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  • Reddy is ready to roar again

    The 71-year-old singer says she's resuming her career on her own terms
  • CHICAGO — Before there was a King of Pop, Helen Reddy was being called the Queen of '70s Pop thanks to her string of 15 Billboard top 40 songs and three chart toppers, starting with the anthemic "I Am Woman."
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  • CHICAGO — Before there was a King of Pop, Helen Reddy was being called the Queen of '70s Pop thanks to her string of 15 Billboard top 40 songs and three chart toppers, starting with the anthemic "I Am Woman."
    This rich-voiced, auburn-haired Australia native was ubiquitous that decade: on radio, on television (guest appearances on "The Carol Burnett Show," her own summer-replacement series "The Helen Reddy Show") and in the movies ("Airport '75," Disney's "Pete's Dragon"). But by the 1980s the hits had ended, and by the early 2000s she had grown tired of performing, noting recently in a phone conversation from the Washington, D.C., area: "I remember the Vegas days when it was two shows a night, seven nights a week, and it became so rote that I'd be thinking about wallpaper while I was singing."
    She'd especially had enough of her 1973 hit "Leave Me Alone (Ruby Red Dress)."
    "'Leave me alone, leave me alone, leave me alone, leave me alone, leave me alone, leave me alone, leave me, oh, leave me alone, leave me alone, leave me alone, leave me alone, leave me alone, leave me alone, leave me,' " she drone-quoted. "And that's only one chorus."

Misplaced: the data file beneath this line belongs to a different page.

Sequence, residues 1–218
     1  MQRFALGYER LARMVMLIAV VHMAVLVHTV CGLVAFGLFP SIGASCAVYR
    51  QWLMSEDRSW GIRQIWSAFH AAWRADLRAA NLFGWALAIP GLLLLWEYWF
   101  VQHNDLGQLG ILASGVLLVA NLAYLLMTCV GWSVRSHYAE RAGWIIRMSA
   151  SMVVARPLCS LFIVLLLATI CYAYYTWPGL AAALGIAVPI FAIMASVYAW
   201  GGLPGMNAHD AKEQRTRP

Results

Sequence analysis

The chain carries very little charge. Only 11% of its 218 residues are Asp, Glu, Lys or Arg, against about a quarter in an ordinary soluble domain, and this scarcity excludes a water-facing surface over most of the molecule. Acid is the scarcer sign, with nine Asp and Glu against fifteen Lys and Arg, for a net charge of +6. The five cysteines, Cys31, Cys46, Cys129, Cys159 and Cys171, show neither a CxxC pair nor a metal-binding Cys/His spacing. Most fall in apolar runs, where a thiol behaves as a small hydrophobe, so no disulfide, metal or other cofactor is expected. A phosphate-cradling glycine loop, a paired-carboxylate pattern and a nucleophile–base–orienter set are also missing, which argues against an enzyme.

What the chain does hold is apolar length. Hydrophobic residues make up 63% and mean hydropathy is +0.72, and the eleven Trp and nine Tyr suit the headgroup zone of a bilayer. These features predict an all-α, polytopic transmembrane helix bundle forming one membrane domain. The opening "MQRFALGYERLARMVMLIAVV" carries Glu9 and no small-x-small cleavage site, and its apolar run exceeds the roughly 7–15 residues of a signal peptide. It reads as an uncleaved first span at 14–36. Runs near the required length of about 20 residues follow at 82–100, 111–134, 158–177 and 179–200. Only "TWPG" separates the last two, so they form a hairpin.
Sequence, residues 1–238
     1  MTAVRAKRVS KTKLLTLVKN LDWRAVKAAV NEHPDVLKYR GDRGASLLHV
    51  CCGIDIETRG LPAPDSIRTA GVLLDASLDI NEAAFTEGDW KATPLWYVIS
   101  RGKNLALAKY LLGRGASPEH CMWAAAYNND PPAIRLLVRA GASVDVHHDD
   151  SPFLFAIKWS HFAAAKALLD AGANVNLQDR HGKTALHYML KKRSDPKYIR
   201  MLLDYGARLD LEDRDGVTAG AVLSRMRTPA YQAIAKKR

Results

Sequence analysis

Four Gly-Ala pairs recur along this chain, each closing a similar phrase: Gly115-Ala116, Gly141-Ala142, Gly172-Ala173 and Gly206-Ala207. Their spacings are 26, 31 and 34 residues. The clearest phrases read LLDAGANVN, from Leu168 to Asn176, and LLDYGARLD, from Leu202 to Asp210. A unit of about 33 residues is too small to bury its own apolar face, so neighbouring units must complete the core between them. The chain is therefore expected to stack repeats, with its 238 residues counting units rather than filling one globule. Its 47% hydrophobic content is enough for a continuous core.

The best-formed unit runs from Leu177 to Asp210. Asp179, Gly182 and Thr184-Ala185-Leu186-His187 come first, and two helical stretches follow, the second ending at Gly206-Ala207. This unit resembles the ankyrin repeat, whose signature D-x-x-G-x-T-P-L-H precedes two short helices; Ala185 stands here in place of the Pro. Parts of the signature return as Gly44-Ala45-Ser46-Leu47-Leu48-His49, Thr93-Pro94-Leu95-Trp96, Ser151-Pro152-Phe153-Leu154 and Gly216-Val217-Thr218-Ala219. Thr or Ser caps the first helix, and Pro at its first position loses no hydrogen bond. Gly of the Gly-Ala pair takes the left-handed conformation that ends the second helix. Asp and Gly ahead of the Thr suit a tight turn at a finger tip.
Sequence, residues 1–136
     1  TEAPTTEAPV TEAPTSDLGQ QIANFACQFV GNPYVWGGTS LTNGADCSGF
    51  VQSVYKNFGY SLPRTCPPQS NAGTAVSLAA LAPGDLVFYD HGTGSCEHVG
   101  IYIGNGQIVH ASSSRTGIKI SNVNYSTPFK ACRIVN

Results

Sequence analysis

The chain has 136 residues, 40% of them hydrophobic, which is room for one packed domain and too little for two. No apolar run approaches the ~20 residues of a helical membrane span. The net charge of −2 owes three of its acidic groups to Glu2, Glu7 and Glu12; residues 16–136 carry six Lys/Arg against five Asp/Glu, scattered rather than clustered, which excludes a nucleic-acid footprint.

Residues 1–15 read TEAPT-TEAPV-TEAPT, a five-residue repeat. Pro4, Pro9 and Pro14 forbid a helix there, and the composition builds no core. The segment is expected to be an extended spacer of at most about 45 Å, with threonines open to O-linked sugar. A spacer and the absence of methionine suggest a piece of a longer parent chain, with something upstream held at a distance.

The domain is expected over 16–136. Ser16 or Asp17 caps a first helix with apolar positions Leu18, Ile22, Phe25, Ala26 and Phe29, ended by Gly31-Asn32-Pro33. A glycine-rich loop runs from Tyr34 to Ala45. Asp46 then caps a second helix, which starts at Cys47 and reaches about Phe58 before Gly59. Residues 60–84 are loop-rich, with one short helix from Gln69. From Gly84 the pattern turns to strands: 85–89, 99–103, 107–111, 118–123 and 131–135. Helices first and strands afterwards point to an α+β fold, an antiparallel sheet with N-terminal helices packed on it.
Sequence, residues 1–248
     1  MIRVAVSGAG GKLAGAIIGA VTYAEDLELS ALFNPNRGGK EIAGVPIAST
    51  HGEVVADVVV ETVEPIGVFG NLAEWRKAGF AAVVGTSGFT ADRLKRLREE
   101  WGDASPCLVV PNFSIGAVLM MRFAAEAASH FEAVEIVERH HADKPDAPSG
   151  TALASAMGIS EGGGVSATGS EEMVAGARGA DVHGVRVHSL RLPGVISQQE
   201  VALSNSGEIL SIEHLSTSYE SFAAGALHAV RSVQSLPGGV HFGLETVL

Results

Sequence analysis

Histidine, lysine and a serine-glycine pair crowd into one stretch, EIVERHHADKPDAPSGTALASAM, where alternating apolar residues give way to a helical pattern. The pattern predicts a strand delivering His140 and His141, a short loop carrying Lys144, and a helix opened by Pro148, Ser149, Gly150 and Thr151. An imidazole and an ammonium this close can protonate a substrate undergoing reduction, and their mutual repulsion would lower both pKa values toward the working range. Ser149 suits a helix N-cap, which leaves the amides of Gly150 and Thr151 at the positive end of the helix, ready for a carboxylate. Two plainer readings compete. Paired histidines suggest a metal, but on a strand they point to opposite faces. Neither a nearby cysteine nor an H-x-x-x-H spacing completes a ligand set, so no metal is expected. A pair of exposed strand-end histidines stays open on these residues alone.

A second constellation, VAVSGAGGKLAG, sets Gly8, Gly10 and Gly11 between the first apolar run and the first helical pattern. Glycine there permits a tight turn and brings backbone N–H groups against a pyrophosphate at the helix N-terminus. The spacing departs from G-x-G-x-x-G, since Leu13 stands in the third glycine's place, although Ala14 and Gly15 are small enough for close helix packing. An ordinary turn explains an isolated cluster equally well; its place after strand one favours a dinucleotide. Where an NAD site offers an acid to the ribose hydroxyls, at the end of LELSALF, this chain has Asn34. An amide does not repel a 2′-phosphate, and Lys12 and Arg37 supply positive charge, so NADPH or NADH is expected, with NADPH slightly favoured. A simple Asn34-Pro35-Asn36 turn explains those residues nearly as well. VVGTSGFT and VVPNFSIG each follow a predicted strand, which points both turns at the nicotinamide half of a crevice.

So Reddy retired from the stage and returned to Australia for 10 years, spending time with her older sister and living a quiet life. Now the 71-year-old is resuming her career on her own terms.
    Reddy discussed her decision to come back, the songs she will and won't sing and hypnotherapy in our conversation, which has been edited.
    Q. Your decision to come back came after you performed at your sister's birthday?
    A. Yes, that's right, because it was her 80th birthday, and she asked me if I would sing a duet with her. I hadn't heard my voice in 10 years, and when I heard it coming over the speaker, it was like: Oh, that's not bad. Maybe I should do that again.
    Q. You literally did not sing for —
    A. For 10 years, no.
    Q. Not at all?
    A. Nope. What I did find myself doing was humming harmonies. When I heard music, I would start humming a harmony, but other than that, no. I think I was burned out.
    Q. What do you get most out of performing now?
    A. Just the joy of singing, the appreciation of the audience and the fact that I have more leeway in the songs that I choose to sing. I'm not locked into what the record company wants.
    Q. What kind of songs are you able to sing now that you couldn't before?
    A. I do more of the ballads, not so much of the top 40 stuff, which is from another era.
    Q. Are you still doing "Delta Dawn"?
    A. Yes. I do sort of a medley of some of those hits.
    Q. "Angie Baby"?
    A. "Angie Baby" I do in its entirety because it is a story song, and the man who wrote it, Alan O'Day, is a good friend of mine, and I think he's just a brilliant songwriter.